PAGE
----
Example: When an OTT platform like Netflix releases a famous web series, there is a flock of users on that platform. This causes an extreme spike in the workload for some time after which the app usage returns to normal levels. Such scenarios need to be tested via spike tests. Because it is difficult to have so many real users to test, we use automated tools to create virtual users.
Majorly used Tools: JMeter, LoadRunner
5. Security Testing
When we talk about Mobile Security testing, we need to cover below points-
- Authentication and Authorisation: Inefficient authentication and authorisation checks in the code may invite malicious attacks.
- Data Security: An application may expose sensitive data to other applications on the mobile phone and may cause intentional harm.
- Removing Hacking possibilities: Hackers are looking for vulnerabilities to find a way to hack the mobile phone and gain access.
- Safe communication: Transmission of sensitive data over networks without encryption may cause havoc to user sensitive data.
The Mobile Security Testing can be performed in three ways-
1. Static analysis: Code analysis is done to identify vulnerabilities and verify the implementation of security measures. The static analysis is done without actually executing the application. It can be done manually, using automated tools, or through a hybrid approach. During the manual review, we can take help of the IDE’s, or manually check the API and database calls. Many IDE’s provide plug-ins and external tools to perform automated static analysis.
2. Dynamic analysis: The applications are executed in real-time and tested for weak spots like authentication/authorisation issues, server issues, data transfer breaches.
3. Penetration testing: It is a type of security testing, which is conducted on a fully developed application. There are automated tools available for performing penetration testing on mobile applications.
Example: Authentication process between client and server is processed through the request-response model. If a basic HTTP protocol is being used for the authentication this may pose a risk. And hackers may steal the authentication information from here to break the system. Therefore, we should use secure SSL protocol for authentication. That was just a basic security test. But should give you an idea of its importance.
6. Installation Testing
When this type of testing is specific to a mobile,we test the ease and success of installing an application on various environments. We make sure that all the components of the application are successfully installed and working in coordination. This also, means that we need to check the uninstallation process as well. When the application is uninstalled from the device all related files should get deleted as well.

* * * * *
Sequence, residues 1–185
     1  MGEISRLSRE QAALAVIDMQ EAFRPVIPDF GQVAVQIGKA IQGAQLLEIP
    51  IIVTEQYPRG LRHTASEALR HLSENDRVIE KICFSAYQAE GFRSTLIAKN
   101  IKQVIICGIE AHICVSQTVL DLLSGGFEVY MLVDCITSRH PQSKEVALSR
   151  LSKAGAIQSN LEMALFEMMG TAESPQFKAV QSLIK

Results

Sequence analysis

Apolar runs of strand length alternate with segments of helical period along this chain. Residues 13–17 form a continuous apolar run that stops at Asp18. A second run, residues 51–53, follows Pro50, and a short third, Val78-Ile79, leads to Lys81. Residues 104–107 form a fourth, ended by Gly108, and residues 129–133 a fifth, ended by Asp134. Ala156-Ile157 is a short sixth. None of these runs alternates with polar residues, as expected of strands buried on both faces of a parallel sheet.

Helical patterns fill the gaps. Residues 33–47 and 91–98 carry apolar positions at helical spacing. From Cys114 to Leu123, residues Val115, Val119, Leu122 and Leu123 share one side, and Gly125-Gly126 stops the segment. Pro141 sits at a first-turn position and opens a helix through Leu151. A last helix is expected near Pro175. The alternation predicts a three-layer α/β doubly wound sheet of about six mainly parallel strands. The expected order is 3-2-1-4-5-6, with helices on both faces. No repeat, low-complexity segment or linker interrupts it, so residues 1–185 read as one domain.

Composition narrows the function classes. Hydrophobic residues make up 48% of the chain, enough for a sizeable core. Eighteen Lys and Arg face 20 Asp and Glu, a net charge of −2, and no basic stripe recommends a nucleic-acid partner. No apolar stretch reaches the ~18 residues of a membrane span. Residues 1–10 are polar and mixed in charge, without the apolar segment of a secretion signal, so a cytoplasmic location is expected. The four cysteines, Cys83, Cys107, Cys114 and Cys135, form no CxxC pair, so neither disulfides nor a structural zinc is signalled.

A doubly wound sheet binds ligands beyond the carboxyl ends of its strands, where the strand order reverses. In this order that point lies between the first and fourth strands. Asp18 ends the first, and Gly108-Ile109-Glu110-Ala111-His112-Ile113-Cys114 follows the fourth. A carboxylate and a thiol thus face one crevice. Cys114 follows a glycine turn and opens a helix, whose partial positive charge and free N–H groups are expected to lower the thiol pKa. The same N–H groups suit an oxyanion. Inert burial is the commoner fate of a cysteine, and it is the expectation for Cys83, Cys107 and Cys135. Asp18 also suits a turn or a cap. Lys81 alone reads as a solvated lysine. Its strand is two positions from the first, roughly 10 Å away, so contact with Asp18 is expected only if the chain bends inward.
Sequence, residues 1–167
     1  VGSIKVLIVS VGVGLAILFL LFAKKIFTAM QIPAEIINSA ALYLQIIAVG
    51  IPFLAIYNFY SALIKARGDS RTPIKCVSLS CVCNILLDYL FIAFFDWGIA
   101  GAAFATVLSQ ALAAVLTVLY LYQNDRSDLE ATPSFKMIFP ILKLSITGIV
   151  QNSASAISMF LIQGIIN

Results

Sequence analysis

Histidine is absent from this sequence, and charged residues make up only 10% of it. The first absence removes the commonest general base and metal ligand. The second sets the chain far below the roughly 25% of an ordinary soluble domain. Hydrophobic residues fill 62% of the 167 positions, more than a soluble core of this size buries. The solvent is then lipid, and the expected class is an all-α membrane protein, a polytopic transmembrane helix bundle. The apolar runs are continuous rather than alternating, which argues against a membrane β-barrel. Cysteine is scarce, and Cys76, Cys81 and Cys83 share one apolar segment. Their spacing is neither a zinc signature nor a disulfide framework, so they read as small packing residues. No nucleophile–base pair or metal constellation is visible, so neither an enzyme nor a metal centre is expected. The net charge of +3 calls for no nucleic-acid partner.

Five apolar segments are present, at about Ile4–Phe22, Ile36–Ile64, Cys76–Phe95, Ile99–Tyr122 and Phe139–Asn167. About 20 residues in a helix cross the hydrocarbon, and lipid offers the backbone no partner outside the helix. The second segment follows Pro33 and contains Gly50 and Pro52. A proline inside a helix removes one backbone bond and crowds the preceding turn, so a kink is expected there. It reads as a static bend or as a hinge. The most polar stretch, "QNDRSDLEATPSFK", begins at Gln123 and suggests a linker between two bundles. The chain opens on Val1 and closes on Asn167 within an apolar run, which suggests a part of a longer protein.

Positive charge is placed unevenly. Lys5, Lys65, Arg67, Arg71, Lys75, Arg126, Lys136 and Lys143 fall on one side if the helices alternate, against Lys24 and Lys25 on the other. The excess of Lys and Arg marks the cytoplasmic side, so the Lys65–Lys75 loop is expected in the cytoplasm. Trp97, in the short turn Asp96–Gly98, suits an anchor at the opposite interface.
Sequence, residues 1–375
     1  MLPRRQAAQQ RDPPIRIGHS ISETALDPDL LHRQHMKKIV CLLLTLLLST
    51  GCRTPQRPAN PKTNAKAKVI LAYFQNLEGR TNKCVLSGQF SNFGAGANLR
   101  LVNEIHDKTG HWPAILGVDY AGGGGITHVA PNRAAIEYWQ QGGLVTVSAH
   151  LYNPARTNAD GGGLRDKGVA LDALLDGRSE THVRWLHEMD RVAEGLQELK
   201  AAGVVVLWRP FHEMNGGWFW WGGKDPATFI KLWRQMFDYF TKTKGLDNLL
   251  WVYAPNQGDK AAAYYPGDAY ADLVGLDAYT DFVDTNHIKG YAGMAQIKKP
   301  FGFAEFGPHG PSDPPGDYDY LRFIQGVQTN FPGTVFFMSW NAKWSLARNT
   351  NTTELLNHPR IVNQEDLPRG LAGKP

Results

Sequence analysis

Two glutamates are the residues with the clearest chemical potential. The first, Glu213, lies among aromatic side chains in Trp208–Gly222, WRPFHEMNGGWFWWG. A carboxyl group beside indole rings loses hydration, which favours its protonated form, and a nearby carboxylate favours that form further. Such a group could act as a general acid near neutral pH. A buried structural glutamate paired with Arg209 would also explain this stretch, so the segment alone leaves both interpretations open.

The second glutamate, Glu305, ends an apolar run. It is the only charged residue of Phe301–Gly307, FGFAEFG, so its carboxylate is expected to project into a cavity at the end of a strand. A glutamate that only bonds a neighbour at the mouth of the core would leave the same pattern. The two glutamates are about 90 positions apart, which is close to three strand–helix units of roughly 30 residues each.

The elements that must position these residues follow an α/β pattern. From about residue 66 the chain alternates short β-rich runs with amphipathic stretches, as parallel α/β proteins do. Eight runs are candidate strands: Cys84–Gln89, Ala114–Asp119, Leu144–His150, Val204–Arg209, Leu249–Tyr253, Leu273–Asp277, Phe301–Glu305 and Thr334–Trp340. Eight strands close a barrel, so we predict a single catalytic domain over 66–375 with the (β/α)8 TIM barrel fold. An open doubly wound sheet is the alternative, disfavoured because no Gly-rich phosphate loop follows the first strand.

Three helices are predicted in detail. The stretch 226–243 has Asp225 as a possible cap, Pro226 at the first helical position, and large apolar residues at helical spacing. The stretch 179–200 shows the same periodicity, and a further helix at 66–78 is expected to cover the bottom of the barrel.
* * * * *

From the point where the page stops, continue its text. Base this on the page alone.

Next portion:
We check the below points while performing Installation Testing-
- Compatibility with the OS, hardware, devices, and their versions.
- Memory location where the application is getting stored i.e. internal memory or SD memory.
- Upgrade to a higher version should properly work. If the upgrade is interrupted mid-way then the older version should work successfully.
- Check for memory space and behaviour of application during installation. If there is not enough memory then the application should show the appropriate message.
- Check for the battery and behaviour of application during installation.
Example: An app is tested for installation, during the installation process the network is changed from wi-fi to mobile device’s 4G connection. We would want to confirm that the change in network connection doesn’t stop the app installation in the middle.
Another example is that an app is not properly tested for the forced stop of installation in the middle of the installation process. When used in real-life scenarios, apps when forced breaking the installation process app may cause some unexpected behaviour on the mobile device.
7. Localization Testing
It is a customisation process which ensures that the application is compatible with the language/currency of the country or region where it is being used. As a type of mobile testing, It ensures that the GUI of the application is appropriately customised to make it relevant to the country of use.
We check the following during Localization Testing:
- Linguistic accuracy
- Cultural appropriateness
- Messages, help document, commands are in accordance with the country/region
- Symbols, logos, and inputs to the application are properly customised